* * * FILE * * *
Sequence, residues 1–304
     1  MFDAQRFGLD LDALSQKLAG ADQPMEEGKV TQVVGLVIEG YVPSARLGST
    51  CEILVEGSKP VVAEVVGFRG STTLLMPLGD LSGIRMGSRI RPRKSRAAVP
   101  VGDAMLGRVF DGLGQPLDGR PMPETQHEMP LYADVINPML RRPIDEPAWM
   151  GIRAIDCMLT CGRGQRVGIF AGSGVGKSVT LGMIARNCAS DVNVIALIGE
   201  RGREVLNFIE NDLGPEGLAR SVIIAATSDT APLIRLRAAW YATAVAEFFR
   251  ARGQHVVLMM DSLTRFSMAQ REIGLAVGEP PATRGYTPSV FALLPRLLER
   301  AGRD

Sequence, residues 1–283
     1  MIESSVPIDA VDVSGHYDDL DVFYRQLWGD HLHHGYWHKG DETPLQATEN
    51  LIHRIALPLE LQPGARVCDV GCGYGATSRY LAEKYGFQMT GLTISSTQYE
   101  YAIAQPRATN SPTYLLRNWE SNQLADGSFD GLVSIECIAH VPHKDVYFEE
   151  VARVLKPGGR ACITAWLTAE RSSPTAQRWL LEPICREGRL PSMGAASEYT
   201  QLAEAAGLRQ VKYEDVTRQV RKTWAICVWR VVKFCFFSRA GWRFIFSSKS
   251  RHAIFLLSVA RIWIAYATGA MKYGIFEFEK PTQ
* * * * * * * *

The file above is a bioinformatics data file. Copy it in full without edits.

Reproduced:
Sequence, residues 1–304
     1  MFDAQRFGLD LDALSQKLAG ADQPMEEGKV TQVVGLVIEG YVPSARLGST
    51  CEILVEGSKP VVAEVVGFRG STTLLMPLGD LSGIRMGSRI RPRKSRAAVP
   101  VGDAMLGRVF DGLGQPLDGR PMPETQHEMP LYADVINPML RRPIDEPAWM
   151  GIRAIDCMLT CGRGQRVGIF AGSGVGKSVT LGMIARNCAS DVNVIALIGE
   201  RGREVLNFIE NDLGPEGLAR SVIIAATSDT APLIRLRAAW YATAVAEFFR
   251  ARGQHVVLMM DSLTRFSMAQ REIGLAVGEP PATRGYTPSV FALLPRLLER
   301  AGRD

Sequence, residues 1–283
     1  MIESSVPIDA VDVSGHYDDL DVFYRQLWGD HLHHGYWHKG DETPLQATEN
    51  LIHRIALPLE LQPGARVCDV GCGYGATSRY LAEKYGFQMT GLTISSTQYE
   101  YAIAQPRATN SPTYLLRNWE SNQLADGSFD GLVSIECIAH VPHKDVYFEE
   151  VARVLKPGGR ACITAWLTAE RSSPTAQRWL LEPICREGRL PSMGAASEYT
   201  QLAEAAGLRQ VKYEDVTRQV RKTWAICVWR VVKFCFFSRA GWRFIFSSKS
   251  RHAIFLLSVA RIWIAYATGA MKYGIFEFEK PTQ